Simple Tips to Build a Healthy Breakfast

We have always heard that breakfast is good for us, and that we should eat it every day.  Two of the main benefits of eating breakfast are energy for the brain and controlling your weight.  It can boost your brain power by providing your brain with needed fuel.  After an overnight fast, your brain’s fuel is at an all time low.  The brain cannot store its fuel so it is dependent on what the blood can provide.  Breakfast provides your brain with an immediate and steady source of fuel for optimal performance.  Eating breakfast enhances weight loss through many mechanisms:  boosting metabolism, boosting energy and thus calorie burning, diminishing hunger (people that skip breakfast eat more throughout the rest of the day), and lowering insulin levels (elevated insulin levels are associated with a sluggish metabolism). 

 

Kids who skip breakfast and eat low quality breakfast foods (high in sugar, processed, contain preservatives and colorings) are at a higher risk of gaining weight, earlier onset of diabetes and heart disease, and also can’t pay attention in class, are less alert, have difficulty with problem solving and exhibit behavior issues. The same goes with adults. Eating a healthy breakfast is a critical life skill that we need to reclaim and teach our children. People who eat a healthy breakfast are thinner, more focused and alert, and at lower risk of chronic diseases.

 

A healthy breakfast is a great opportunity to boost your metabolism and get the essential nutrients your body needs on a daily basis.  Here are some tips on how to build a healthy breakfast:

 

  • Focus on fat to keep you satiated. Fats slows down digestion in the stomach and helps keep you feeling full longer. Great choices are eggs from pasture raised hens, avocado, uncured bacon, coconut oil/butter, butter from grass-fed cows, nuts and seeds, whole milk yogurt and cheese (from grass-fed cows).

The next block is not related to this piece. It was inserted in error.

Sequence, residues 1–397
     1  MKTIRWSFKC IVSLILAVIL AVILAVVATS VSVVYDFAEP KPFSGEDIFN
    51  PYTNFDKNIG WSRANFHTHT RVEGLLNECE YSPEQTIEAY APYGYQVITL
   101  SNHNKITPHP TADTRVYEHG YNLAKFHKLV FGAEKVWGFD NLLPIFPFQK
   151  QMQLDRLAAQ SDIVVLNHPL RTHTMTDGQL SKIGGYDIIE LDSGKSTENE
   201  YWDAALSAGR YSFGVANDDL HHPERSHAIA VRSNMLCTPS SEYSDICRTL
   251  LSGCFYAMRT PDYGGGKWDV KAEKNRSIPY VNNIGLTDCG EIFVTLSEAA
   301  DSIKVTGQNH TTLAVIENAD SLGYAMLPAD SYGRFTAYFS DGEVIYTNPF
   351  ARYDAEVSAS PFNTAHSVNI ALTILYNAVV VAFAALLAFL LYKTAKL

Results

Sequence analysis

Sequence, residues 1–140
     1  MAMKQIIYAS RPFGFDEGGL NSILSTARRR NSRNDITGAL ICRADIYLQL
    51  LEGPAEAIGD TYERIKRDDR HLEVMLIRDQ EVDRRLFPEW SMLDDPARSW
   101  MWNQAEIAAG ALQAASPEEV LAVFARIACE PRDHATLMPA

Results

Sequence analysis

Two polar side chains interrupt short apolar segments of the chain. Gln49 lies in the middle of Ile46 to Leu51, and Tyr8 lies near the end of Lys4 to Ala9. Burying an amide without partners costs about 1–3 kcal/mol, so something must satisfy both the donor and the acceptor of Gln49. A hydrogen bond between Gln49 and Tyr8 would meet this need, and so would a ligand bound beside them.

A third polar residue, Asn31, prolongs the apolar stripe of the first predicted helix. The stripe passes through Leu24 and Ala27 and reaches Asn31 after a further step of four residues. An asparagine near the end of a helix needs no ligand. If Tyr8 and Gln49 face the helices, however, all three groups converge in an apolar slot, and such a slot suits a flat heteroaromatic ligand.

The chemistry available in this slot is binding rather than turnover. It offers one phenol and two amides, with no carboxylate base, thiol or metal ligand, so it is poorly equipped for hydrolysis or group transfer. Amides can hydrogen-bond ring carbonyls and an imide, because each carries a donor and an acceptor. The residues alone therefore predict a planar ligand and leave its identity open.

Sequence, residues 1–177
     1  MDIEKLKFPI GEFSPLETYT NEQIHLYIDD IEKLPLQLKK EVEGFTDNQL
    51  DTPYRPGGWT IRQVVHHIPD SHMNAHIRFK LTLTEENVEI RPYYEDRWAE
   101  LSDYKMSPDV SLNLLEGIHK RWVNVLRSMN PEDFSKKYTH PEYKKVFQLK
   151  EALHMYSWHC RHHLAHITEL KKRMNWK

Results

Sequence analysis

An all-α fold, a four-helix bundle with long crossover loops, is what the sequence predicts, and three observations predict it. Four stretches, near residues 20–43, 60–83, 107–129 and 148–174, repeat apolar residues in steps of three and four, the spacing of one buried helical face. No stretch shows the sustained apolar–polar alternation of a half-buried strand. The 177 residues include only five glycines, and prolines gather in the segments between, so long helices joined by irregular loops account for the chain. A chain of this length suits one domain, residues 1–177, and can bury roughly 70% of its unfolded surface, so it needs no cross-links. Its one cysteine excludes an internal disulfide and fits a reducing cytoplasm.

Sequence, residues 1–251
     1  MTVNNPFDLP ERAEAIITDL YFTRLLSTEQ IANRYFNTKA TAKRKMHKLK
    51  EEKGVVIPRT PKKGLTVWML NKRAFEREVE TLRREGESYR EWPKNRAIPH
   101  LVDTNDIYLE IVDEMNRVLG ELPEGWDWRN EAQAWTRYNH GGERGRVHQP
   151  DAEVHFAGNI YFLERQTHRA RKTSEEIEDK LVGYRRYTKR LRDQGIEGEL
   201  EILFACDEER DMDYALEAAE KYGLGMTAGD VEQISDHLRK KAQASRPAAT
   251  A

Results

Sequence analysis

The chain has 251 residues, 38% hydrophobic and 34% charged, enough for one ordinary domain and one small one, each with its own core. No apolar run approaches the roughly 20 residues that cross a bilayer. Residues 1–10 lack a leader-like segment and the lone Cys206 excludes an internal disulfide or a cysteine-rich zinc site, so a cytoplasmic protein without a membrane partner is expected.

• Add a healthy protein package. Protein also helps keep you feeling full longer and typically are packaged with good fat sources too.  Consider any of the following: milk or dairy, salmon, eggs, high protein cereals (naturally  high in protein from nuts and seeds),
  • Fresh produce.  Fruits, especially brightly colored varieties like berries, citrus, red grapes, kiwi, and mango are a natural breakfast fit. But don’t forget your vegetables such as spinach, kale, bell peppers, onions, mushrooms, tomatoes, and sweet potatoes. Mix in your favorites in your omelet, make a tasty root roast, or a nice sauté of your favorite greens.
  • Avoid a breakfast that is heavy on the carbohydrates. Whether it is whole grains, refined grains, or simple sugars, a meal high in carbohydrates quickly releases sugar into our blood stream and increases the release of insulin. This leads to blood sugar imbalances, slows down the metabolism, and encourages the storage of fat and weight gain. Try using fruits and vegetables as your carbohydrate source for breakfast for most days of the week.